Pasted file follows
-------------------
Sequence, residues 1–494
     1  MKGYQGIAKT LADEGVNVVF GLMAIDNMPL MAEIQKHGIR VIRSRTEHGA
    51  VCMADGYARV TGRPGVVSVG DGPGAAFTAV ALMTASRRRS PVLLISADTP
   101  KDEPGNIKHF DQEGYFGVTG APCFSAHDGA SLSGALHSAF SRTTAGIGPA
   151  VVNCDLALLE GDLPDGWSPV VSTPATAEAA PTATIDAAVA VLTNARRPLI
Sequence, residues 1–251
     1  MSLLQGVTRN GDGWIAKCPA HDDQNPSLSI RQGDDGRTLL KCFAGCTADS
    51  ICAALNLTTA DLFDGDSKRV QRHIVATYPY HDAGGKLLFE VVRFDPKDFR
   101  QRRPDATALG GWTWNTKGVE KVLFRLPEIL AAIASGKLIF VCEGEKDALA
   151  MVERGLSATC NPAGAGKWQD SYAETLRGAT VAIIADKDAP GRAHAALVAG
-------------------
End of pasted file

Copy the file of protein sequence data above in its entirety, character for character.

Sequence, residues 1–494
     1  MKGYQGIAKT LADEGVNVVF GLMAIDNMPL MAEIQKHGIR VIRSRTEHGA
    51  VCMADGYARV TGRPGVVSVG DGPGAAFTAV ALMTASRRRS PVLLISADTP
   101  KDEPGNIKHF DQEGYFGVTG APCFSAHDGA SLSGALHSAF SRTTAGIGPA
   151  VVNCDLALLE GDLPDGWSPV VSTPATAEAA PTATIDAAVA VLTNARRPLI
Sequence, residues 1–251
     1  MSLLQGVTRN GDGWIAKCPA HDDQNPSLSI RQGDDGRTLL KCFAGCTADS
    51  ICAALNLTTA DLFDGDSKRV QRHIVATYPY HDAGGKLLFE VVRFDPKDFR
   101  QRRPDATALG GWTWNTKGVE KVLFRLPEIL AAIASGKLIF VCEGEKDALA
   151  MVERGLSATC NPAGAGKWQD SYAETLRGAT VAIIADKDAP GRAHAALVAG